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Comment: Re:At Bat (Score 1) 78

by thogard (#49100115) Attached to: Australian ISPs To Introduce '3-Strike' Style Anti-piracy Scheme

I've seen the baseball diamonds near my house used exactly twice. Once involved using it for fireworks. It was built around the time of the 1964 olympics like nearly every baseball diamond in the country.

When a bat is going to cost you $300 and a full uniform and gear to play on a team is close to a $1000, there isn't much demand. The Melbourne girls baseball teams positions are more about forfeits than wins.

I don't know why the local baseball teams need such formal rules with such official imported uniforms. What ever happened to wearing a shirt the right colour?

Comment: Re:1 employee? Not the entire story. (Score 2) 158

That was true before the days of disposable servers. Today, when it breaks, drop it from the pool of working systems. The HVAC is on a lease contract which makes them far more reliable as the manufacture no longer gets s cut by selling parts that used to be used for maintenance. The same is true with power systems but the electrical wiring is massively overbuilt between the stuff under contract and the racks. I have a rack in a recently built data center and they have an electrician on site less often than some small companies I work with.

Comment: Yes and Yes! (Score 1) 716

by thogard (#49028343) Attached to: Is Modern Linux Becoming Too Complex?

The problem is modern operating systems have taken on too much of the operating environment role leading to excessive complexity. Our modern opening systems are hypervisors like like xen or vmware. The OS has become a mess of other things that aren't related to security and suability of a system. The Operating Environment is where the rapid changes and R&D should be so features can progress and mistakes can be quickly removed.

Comment: How about a better feature? (Score 1) 88

We need keys and host passwords checked as authentication types without having to revert to PAM hackery. Just how many systems have been exploited because some root process found a way to read some .ssh/keys and then hopped to other systems with no human intervention.

Comment: Do your pages load fast? (Score 4, Interesting) 302

by thogard (#48872141) Attached to: Ask Slashdot: Has the Time Passed For Coding Website from Scratch?

If your page isn't fully loaded in less than 2 seconds over a real world network without using cache, potential clients have will leave before the 1st page load.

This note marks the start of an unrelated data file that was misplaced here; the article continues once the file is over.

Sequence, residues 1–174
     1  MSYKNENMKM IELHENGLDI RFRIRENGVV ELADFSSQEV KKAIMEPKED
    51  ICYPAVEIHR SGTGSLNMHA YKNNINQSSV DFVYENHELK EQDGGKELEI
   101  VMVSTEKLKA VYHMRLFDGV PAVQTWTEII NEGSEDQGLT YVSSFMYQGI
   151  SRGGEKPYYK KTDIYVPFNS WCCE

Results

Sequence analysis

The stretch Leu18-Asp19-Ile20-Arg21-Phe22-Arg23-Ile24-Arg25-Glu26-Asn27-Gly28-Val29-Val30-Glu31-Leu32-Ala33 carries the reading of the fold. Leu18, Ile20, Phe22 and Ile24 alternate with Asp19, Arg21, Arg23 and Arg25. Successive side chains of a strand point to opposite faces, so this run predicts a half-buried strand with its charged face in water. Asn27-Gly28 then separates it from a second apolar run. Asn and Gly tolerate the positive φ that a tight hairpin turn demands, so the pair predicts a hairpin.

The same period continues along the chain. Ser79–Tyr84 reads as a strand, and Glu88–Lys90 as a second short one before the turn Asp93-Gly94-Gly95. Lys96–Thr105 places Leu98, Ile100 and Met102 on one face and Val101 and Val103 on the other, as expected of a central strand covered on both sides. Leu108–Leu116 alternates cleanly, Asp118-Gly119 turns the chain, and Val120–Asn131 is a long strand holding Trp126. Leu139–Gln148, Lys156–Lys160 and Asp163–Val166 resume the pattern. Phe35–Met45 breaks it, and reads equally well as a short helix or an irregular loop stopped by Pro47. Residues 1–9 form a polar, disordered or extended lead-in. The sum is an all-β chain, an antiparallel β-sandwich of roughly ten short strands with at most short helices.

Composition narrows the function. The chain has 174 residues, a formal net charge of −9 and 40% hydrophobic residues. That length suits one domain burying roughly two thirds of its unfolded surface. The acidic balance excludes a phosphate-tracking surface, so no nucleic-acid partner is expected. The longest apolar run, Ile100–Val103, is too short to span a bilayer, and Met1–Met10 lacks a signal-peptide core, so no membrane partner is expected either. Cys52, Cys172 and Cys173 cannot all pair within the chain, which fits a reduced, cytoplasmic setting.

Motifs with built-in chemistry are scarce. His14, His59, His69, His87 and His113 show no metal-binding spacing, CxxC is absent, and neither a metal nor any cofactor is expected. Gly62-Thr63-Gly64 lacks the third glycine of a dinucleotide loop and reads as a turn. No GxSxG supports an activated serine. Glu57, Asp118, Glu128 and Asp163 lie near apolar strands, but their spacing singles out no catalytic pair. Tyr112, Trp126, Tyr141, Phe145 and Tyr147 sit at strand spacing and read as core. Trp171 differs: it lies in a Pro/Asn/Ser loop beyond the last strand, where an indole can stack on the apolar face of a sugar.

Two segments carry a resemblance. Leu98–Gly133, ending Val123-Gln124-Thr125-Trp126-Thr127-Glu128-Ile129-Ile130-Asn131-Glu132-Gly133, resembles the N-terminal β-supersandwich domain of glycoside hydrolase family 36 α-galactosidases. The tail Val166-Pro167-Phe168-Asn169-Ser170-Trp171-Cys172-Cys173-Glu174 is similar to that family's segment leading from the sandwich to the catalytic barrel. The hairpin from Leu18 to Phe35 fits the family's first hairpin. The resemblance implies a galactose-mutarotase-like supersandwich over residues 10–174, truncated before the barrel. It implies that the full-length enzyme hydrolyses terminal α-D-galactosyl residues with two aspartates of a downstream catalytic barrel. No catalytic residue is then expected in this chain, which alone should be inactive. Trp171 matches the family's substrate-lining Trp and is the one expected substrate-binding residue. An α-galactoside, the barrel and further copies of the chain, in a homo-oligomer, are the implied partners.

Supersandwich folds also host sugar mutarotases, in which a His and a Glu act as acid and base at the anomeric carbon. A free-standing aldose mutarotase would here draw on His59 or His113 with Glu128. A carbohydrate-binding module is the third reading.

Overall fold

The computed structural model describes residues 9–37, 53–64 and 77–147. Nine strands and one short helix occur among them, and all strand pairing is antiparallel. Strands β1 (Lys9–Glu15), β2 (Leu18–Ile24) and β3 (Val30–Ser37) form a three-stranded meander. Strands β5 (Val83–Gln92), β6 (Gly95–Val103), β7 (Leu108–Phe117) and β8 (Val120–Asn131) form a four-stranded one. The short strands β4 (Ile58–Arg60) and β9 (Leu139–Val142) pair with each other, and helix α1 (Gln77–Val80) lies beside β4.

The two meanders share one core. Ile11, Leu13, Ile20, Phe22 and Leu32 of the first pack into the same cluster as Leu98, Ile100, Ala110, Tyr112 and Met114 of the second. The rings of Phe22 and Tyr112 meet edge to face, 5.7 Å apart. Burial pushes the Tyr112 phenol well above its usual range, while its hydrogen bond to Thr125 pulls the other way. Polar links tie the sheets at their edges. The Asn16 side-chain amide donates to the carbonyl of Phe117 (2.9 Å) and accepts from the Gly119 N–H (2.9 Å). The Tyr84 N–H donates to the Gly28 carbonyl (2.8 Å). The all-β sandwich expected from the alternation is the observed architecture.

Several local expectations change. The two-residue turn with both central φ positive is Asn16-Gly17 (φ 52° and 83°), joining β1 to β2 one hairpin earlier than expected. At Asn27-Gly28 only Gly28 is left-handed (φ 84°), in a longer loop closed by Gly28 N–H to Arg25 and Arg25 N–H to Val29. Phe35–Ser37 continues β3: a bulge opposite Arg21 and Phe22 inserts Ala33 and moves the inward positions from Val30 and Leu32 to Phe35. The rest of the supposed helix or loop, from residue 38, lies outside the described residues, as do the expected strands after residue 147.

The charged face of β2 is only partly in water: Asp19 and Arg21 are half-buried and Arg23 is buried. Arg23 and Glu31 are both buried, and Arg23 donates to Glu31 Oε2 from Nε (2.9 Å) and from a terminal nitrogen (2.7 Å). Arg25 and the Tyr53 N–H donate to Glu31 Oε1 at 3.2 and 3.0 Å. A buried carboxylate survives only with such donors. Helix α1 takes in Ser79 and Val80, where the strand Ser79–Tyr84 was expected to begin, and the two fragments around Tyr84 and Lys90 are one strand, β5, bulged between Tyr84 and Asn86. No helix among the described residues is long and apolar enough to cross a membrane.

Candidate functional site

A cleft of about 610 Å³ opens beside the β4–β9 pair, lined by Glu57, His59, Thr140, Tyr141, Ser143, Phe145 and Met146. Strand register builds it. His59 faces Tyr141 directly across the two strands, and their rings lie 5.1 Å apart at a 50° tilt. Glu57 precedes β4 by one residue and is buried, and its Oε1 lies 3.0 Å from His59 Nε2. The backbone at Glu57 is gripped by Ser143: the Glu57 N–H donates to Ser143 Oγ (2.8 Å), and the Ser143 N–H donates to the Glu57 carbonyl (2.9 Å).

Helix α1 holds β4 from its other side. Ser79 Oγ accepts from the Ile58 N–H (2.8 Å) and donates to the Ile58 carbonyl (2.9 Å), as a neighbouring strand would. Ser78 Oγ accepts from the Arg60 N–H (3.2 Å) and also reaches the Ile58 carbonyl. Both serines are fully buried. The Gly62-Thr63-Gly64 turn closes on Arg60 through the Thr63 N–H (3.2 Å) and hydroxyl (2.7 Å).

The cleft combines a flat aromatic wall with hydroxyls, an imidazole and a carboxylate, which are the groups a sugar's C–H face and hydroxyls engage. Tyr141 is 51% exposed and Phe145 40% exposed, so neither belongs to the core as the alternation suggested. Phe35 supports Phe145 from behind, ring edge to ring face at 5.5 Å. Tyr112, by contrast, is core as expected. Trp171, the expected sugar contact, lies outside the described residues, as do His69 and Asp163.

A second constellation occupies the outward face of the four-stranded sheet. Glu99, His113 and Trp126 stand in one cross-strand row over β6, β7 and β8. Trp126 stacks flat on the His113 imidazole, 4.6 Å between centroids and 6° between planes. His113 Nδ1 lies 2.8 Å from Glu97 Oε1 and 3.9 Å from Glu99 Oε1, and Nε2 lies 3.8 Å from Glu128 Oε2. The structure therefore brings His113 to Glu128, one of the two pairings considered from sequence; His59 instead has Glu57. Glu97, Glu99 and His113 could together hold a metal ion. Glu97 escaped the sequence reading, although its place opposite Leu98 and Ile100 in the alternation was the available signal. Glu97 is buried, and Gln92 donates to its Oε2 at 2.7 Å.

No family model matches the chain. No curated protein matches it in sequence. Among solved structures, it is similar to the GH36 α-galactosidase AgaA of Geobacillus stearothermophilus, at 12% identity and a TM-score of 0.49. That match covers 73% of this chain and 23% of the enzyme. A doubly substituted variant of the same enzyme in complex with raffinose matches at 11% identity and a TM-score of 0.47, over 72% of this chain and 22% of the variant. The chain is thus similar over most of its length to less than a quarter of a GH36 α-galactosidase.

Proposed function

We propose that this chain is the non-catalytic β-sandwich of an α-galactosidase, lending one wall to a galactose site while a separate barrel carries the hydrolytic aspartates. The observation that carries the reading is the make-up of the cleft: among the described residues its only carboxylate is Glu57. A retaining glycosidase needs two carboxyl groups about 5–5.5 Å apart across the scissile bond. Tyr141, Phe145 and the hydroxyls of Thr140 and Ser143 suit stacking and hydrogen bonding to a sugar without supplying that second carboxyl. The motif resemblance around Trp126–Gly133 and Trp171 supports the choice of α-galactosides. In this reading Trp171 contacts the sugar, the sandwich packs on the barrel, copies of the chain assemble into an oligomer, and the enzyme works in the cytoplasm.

If you can write pages that load fast, keep doing the custom work. If your pages are slow, fix it or fix your technique.

Comment: So much for progress (Score 1) 79

by thogard (#48872069) Attached to: Oracle Releases Massive Security Update

We buy the Solaris 9 patch support. The changes for this cycle are 1) TimeZone files updated, 2) Fix to zip and 3) Java fixes

The last kernel patch which required a reboot was 122300-68 from June 2013.

My Solaris 11.2 box gets rebooted way too often to replace other production servers and its better than Sol 10.

Someone at Oracle should learn the difference between an operating system and an operating environment and making sure the OS is rock solid.

Comment: Re:More on CARDIAC cardboard CPU simulator (Score 1) 648

by thogard (#48860965) Attached to: Justified: Visual Basic Over Python For an Intro To Programming

My early Jr High computer books included things such a picture of a pigeon hole as a repression of memory. It used the classical "input/processing/storage/output" model. Flow charts where used to demonstrate breaking a problem down into parts that the computer can cope with.

Comment: Re: Not really for mastery ... (Score 1) 75

by thogard (#48854553) Attached to: Book Review: FreeBSD Mastery: Storage Essentials

ZFS is miserable on things that assume overwritten blocks will stay where they are on the disk. Some people even count on that to able scrub data. Is there a simple ioctl/fctl that allows that to be turned off in ZFS? no. There should also be an ioctl saying "this file needs to start on a physical block, not be encrypted, and it would be very cool if it was in the 1st gig of the disk, and can you tell me what real sector you can allocate for it?" because computer still need to boot.

Why wasn't there a zfsdump / zfsrestore that wrapped up the send / receive from day one? Even if /usr/lib/fs/zfs/fsck was a shell script wrapper around something else, it would have indicated a clue about where this stuff should fit in the grad scheme of things.

Not everyone uses ufsdump to make backups, I use it to verify the contents of some files on the disk.

The less time planning, the more time programming.

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